As mentioned in the prior article, the technique of generating a bunch of tasks is a brute force approach. The reason that I like it is that it gets me the UI behavior that I really want. The goal is machine learning for recognizing hand-written digits, but the visualization is the whole point of this application.
Since the process of making a prediction takes a bit of time, I want the UI to update as each item is predicted. Here's an animation of the application running the current code (available on GitHub: https://github.com/jeremybytes/digit-display):
The point of this application is visualization (back to the first iteration): I want to see different algorithms side-by-side to understand what each one gets right and wrong. If they vary in accuracy, are they making the same errors or completely different ones? The speed is also part of that.
Here are the things I like about this particular implementation:
- It's easy to tell by the animation above that the Manhattan Classifier runs faster than the Euclidean Classifier.
- We don't have to wait for complete results to start analyzing the data.
- It gives me an idea of the progress and how much longer the process will take.
A Different Attempt
Before I did the manual Tasks, I tried to use a Parallel.ForEach. It was a while back, and I remember that I couldn't get it to update the UI the way that I wanted.
I thought I would take another stab at it. Unfortunately, I ended up with an application that went into a "Not Responding" state and updated the UI in a block:
Instead of showing two different algorithms, this shows two different methods of running the tasks in parallel.
On the left, the "Parallel Manhattan Classifier" runs in the "ParallelRecognizerControl". This is a user control that uses a Parallel.ForEach. On the right, the "Manhattan Classifier" runs in the "RecognizerControl". This is a user control that uses the brute-force approach described previously.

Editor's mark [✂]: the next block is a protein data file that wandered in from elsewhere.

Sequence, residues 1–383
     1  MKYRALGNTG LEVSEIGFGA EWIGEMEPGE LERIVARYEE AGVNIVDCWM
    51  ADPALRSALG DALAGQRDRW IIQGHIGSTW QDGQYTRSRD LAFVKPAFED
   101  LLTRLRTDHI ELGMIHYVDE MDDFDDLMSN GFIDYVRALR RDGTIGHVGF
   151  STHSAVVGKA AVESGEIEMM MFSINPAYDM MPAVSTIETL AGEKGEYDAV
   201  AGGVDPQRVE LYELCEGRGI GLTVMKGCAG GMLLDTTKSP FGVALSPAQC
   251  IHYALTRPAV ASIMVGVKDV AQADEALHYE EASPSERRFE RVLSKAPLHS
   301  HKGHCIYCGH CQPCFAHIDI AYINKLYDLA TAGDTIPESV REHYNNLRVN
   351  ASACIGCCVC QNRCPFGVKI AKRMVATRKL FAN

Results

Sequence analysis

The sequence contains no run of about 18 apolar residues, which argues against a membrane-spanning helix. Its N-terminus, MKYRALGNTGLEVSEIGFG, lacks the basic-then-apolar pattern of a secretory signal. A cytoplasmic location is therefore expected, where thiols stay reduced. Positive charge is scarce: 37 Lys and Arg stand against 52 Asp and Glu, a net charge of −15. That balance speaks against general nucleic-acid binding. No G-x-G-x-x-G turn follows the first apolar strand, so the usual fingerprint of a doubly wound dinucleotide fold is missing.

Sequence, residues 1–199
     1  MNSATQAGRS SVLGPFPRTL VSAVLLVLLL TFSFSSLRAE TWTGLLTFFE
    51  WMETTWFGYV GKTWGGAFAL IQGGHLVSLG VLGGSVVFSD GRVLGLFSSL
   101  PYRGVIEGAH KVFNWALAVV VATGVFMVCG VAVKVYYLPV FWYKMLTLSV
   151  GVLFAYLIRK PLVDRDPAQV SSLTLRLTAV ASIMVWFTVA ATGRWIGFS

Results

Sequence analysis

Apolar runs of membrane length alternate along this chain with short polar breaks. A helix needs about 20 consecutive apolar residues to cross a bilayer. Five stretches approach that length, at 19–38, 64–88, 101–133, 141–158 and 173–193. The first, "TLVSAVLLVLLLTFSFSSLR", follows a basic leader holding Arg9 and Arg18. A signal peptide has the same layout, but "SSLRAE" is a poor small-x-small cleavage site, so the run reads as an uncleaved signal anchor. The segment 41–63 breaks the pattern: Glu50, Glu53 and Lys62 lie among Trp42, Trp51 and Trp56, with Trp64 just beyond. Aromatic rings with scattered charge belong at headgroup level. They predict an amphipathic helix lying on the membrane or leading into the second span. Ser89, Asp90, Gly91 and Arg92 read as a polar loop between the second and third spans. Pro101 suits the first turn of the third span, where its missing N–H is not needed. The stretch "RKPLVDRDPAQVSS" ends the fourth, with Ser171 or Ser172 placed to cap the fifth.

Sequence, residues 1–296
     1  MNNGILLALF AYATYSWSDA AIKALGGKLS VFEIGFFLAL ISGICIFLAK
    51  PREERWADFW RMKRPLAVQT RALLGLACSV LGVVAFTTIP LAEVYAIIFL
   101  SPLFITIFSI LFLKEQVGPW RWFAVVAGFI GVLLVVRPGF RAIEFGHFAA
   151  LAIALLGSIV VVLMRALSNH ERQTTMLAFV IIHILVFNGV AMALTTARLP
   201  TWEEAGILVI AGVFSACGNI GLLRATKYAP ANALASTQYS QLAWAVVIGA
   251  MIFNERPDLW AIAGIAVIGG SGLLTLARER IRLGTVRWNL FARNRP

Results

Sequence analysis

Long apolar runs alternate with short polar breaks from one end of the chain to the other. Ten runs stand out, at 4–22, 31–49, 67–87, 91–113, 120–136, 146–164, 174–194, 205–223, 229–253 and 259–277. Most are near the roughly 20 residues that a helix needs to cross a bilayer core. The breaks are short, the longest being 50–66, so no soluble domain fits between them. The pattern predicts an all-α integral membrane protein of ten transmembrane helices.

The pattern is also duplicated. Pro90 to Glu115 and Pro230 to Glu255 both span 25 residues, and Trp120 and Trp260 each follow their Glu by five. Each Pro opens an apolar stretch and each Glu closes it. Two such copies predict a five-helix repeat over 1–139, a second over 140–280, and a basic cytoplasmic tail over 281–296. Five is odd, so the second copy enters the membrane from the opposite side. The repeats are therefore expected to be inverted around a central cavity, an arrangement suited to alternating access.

A couple things to note:
- The application goes into a "Not Responding" state. This means that we have locked our UI thread.
- The results all appear at once. This means that we are not putting things into the UI until after all the processes have completed.
This uses the "Parallel.ForEach" to loop through our data. Then it calls the long-running process: "Recognizer.predict()".
After getting the prediction, we call "CreateUIElements" to put the results into our UI. The challenge is that we need to run this on the UI thread. If we try to run this directly, we run into threading issues. The "Task.Factory.StartNew()" allows us to specify a TaskScheduler that we can use to get back to the UI thread (more on this here: Task, Await, and Asynchronous Methods).
But as we can see from the animation, this does not produce the desired results.
I tried a few approaches, including a concurrent queue (part of that is shown in the commented code). That got a pretty complicated pretty quickly, so I didn't take it too far.
How You Can Help
If you're up for a challenge, here's what you can do.
- Grab the code for the "Parallel" branch of the project: https://github.com/jeremybytes/digit-display/tree/Parallel.
- Take a look at the "PopulatePanel" method in the ParallelRecoginizerControl.xaml.cs.
- Put in whatever parallel code you want.
- Run the application to see the results side-by-side (Note: you probably want to run without debugging to get the best results.)
If you come up with something good (or simply fun, interesting, or elegant), submit a pull request, and we'll take a look at the different options in future articles.
If you don't want to hash out the code yourself, leave a comment with your ideas along with your approach.
Remember: We're looking for something that gives us a UI that updates as the items are processed. There are much faster ways that we can approach this without the visualization. But the visualization is why this application exists.